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How do the elections for the College of Western Idaho work?

A hand holding a pen filling out a voting ballot.
Jens Alfke
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Idaho Matters is answering your questions about voting in the 2022 midterm elections. This week a listener asked us about the contested races for the College of Western Idaho:

How do we learn about the contested races for the College of Western Idaho? We have never seen any discussion or contrasting views of these folks.

We talked with Kevin Richert, senior reporter and blogger with Idaho Education News, to help us answer this question and navigate this specific election.

CWI is no stranger to elections

The College of Western Idaho is the largest community college in the state, serving about 30,000 students at campuses and classrooms all across the Treasure Valley. Its annual budget exceeds $50 million.

CWI was created in 2007 when voters in Ada and Canyon counties passed a measure to allow its formation. Before then, the Treasure Valley was the largest population center in the nation without its own community college.

It's now serving about 30,000 students and has campuses and classroom sites scattered all around the Treasure Valley.

What’s at stake in the CWI election?

CWI has a five-member board of trustees that act as a governance body. The role of a board of trustees is to provide oversight to monitor the financials and make sure the college remains accredited. These positions are unpaid and are supposed to be nonpartisan.

In the upcoming November election, four of the five trustee seats are on the ballot. With the majority of seats up for grabs, the balance of power could change dramatically with this election.

Can trustees control the college or its policies?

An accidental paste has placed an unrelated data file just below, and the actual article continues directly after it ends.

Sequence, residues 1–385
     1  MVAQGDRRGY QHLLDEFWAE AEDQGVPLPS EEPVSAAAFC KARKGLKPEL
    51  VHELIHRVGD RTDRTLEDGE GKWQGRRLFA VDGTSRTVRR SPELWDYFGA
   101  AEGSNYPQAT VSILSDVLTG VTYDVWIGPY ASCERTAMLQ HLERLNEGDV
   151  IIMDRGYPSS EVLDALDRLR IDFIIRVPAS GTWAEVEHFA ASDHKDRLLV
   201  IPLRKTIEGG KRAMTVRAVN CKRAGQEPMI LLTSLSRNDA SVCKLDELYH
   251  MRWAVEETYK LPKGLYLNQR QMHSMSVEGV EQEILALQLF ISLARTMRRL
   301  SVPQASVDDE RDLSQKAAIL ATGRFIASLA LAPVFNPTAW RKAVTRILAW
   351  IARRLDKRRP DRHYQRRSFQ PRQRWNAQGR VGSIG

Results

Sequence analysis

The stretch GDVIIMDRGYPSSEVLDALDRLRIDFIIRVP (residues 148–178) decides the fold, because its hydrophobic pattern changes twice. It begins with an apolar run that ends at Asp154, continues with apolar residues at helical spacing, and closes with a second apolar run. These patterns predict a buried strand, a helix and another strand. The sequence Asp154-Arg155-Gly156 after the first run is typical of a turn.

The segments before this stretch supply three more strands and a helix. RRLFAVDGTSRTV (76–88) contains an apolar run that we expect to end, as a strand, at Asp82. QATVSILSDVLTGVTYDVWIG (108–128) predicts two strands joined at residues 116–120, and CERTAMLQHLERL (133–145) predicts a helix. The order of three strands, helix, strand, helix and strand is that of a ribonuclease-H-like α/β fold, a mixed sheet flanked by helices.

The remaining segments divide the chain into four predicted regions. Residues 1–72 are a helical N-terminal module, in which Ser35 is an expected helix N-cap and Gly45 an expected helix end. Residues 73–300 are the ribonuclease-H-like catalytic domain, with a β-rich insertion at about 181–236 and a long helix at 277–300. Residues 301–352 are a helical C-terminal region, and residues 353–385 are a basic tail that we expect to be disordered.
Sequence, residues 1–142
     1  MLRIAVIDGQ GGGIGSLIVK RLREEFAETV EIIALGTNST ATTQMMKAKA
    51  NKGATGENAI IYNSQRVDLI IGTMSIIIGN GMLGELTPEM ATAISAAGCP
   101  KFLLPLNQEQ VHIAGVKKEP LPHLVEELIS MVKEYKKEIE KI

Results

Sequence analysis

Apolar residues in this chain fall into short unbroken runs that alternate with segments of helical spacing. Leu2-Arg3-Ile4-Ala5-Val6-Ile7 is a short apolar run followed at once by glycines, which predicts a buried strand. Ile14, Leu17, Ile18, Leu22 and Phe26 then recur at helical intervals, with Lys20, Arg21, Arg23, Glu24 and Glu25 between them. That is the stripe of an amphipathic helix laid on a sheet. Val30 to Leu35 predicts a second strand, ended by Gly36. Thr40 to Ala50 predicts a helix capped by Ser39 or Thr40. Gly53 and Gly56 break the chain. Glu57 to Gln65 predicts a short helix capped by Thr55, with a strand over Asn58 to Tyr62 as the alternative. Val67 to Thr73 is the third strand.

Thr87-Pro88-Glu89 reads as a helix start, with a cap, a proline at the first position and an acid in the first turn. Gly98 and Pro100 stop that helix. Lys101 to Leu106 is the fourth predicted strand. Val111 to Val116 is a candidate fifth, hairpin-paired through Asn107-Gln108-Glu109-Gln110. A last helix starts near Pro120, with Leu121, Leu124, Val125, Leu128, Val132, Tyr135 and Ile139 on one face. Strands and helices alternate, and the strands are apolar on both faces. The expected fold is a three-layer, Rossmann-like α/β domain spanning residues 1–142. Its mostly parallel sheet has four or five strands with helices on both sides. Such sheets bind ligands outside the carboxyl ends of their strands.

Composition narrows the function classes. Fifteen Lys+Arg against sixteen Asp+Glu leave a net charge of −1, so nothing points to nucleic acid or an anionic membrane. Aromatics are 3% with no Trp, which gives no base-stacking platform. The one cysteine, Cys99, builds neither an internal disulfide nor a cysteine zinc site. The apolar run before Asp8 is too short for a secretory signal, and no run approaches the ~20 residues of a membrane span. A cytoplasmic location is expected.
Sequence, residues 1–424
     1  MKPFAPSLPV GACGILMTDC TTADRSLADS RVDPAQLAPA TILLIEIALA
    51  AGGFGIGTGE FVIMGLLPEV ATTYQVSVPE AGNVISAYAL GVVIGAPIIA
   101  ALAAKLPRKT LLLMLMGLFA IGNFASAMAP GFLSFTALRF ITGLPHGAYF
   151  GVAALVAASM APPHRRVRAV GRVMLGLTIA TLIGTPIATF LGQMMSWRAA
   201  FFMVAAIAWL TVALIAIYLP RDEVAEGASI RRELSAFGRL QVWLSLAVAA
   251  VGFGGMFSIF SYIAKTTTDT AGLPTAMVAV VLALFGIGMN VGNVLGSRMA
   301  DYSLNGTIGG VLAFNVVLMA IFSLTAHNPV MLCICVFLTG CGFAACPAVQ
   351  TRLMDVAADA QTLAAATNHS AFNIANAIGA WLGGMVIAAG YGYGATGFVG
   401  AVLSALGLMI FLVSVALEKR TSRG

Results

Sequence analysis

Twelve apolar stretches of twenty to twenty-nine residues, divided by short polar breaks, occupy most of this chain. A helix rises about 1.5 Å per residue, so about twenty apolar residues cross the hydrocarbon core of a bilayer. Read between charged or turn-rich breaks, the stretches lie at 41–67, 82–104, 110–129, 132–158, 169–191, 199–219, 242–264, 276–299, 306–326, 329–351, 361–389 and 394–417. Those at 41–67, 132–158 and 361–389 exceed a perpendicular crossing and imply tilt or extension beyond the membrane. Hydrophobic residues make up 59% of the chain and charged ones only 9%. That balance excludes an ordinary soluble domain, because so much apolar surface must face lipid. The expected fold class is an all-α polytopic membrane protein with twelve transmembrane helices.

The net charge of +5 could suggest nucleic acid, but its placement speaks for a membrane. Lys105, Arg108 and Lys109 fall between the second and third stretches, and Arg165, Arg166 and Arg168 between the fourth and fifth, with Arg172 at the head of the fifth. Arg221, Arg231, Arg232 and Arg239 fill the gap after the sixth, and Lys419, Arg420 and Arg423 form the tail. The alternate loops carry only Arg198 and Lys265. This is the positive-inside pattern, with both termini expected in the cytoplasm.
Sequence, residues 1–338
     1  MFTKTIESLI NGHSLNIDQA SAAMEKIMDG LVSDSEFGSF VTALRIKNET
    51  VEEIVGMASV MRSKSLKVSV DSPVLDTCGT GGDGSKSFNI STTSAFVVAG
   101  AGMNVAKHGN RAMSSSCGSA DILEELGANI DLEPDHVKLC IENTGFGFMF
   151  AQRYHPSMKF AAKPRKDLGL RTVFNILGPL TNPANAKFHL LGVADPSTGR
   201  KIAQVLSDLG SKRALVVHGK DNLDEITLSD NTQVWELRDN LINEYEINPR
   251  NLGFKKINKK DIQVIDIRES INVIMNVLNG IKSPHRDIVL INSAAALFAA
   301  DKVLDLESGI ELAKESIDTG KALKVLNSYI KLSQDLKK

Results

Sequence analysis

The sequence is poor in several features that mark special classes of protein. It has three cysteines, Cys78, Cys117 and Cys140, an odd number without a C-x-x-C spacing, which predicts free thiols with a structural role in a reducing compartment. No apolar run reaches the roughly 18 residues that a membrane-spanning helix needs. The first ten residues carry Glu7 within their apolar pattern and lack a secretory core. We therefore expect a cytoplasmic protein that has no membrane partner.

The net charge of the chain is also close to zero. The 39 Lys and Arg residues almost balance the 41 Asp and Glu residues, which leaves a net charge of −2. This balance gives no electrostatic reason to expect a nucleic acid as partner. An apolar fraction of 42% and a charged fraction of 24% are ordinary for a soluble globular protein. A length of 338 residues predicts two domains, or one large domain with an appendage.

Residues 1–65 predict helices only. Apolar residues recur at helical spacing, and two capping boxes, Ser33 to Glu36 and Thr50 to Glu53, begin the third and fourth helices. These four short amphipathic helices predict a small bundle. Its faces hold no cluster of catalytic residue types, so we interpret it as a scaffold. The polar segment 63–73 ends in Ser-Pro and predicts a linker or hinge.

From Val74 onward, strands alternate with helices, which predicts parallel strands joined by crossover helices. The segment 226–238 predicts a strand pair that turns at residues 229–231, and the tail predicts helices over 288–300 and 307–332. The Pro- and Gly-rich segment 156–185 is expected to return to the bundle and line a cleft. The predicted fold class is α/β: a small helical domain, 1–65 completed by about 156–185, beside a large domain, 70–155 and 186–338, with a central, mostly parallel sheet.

Trustees can do a lot of things if they so choose – that played out at North Idaho College in Coeur d'Alene just a few years ago.

In 2020, three trustees aligned with the local Republican Party were elected at the North Idaho College and eventually fired the president. Infighting between these three newly-elected trustees and the other two has created a lot of turmoil, putting the college’s accreditation into jeopardy. It has even affected enrollment and charitable giving and led to other top administrators resigning.

With that backdrop in mind, incumbents and their supporters here in the Treasure Valley are concerned that a similar kind of election could unfold at CWI.

Are candidates supposed to be nonpartisan?

In this election, four candidates are aligned with the Republican Party and discussing conservative principles. They're talking about reducing the property tax that CWI collects and they're talking a lot about Boise Pride and CWI’s presence at the Boise Pride Festival in September. A student group was at Pride, but CWI put no tax dollars into sponsoring or supporting the Pride event.

They're also focusing on career-oriented education and getting away from what they're describing as “agenda-driven education.”

The three incumbents are talking about a very different slate of topics. They are focusing on how to develop campuses in Nampa and downtown Boise and how to ensure that the college remains affordable for students.

Students currently pay $139 per credit hour to take a class at CWI and that tuition has not increased in seven years. The incumbents are saying that if they try to reduce the property tax levy, that money will have to somehow be replaced, causing a tuition increase or a reduction in student scholarships. This could pass the cost from property taxpayers to students.

Both sides are presenting a very different vision for where the college stands and where the college is going.

Where can people find out more about the candidates? 

Kevin wrote a detailed analysis breaking down the election and politics of the race.

Betsy Russell, the Boise Bureau Chief at the Idaho Press, also wrote a really comprehensive story with more details about all nine candidates running for the four trustee races.

This project is part of the work of America Amplified, an initiative funded by the Corporation for Public Broadcasting to support community engagement journalism in public media.

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